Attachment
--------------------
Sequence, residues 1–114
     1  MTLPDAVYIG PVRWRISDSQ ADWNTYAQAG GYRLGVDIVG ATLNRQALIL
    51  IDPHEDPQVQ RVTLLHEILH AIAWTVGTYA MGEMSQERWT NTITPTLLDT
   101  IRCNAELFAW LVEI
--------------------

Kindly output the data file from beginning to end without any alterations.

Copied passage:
Sequence, residues 1–114
     1  MTLPDAVYIG PVRWRISDSQ ADWNTYAQAG GYRLGVDIVG ATLNRQALIL
    51  IDPHEDPQVQ RVTLLHEILH AIAWTVGTYA MGEMSQERWT NTITPTLLDT
   101  IRCNAELFAW LVEI